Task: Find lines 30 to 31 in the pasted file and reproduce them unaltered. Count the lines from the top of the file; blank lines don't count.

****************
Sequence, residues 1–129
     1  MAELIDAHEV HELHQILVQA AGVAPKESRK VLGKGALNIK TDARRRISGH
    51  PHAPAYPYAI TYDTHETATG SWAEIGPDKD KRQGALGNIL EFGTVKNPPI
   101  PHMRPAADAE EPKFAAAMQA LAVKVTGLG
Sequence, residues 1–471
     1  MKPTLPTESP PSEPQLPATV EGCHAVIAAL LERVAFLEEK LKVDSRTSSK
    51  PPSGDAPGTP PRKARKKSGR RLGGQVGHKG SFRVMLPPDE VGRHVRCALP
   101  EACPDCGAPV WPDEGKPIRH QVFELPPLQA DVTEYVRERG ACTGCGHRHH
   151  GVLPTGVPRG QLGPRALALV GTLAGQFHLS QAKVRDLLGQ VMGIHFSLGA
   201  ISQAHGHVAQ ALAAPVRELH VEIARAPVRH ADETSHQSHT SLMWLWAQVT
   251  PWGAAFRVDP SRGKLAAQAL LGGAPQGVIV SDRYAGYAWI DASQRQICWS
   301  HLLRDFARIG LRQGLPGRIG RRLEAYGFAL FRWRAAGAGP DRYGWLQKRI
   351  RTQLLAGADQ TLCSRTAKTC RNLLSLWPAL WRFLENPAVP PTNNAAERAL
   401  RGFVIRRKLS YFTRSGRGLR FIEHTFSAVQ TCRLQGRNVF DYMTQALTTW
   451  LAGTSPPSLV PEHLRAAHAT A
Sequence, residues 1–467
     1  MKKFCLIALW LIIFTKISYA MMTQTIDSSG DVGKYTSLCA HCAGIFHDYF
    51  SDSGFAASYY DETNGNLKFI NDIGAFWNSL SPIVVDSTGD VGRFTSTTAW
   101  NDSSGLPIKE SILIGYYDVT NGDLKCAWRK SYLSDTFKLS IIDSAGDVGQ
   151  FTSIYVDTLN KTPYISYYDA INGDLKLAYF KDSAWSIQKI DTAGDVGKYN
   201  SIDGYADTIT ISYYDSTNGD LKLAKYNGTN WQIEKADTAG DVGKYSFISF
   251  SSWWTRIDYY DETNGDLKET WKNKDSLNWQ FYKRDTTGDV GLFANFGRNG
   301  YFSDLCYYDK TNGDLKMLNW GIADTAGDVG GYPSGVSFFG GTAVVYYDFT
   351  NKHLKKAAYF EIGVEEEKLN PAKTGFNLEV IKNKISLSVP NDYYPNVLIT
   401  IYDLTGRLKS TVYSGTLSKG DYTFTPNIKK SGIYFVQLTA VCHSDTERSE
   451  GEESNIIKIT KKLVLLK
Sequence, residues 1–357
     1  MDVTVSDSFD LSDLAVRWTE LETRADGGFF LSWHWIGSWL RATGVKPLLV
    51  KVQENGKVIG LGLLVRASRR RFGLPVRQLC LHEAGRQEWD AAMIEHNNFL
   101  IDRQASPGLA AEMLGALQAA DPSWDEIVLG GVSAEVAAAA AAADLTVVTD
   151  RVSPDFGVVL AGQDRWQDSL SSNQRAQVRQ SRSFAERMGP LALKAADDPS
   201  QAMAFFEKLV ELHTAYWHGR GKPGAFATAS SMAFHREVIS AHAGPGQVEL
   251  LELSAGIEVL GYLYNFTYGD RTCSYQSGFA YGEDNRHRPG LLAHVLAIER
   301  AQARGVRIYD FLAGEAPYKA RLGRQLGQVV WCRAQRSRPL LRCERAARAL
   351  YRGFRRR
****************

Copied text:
   101  IDRQASPGLA AEMLGALQAA DPSWDEIVLG GVSAEVAAAA AAADLTVVTD
   151  RVSPDFGVVL AGQDRWQDSL SSNQRAQVRQ SRSFAERMGP LALKAADDPS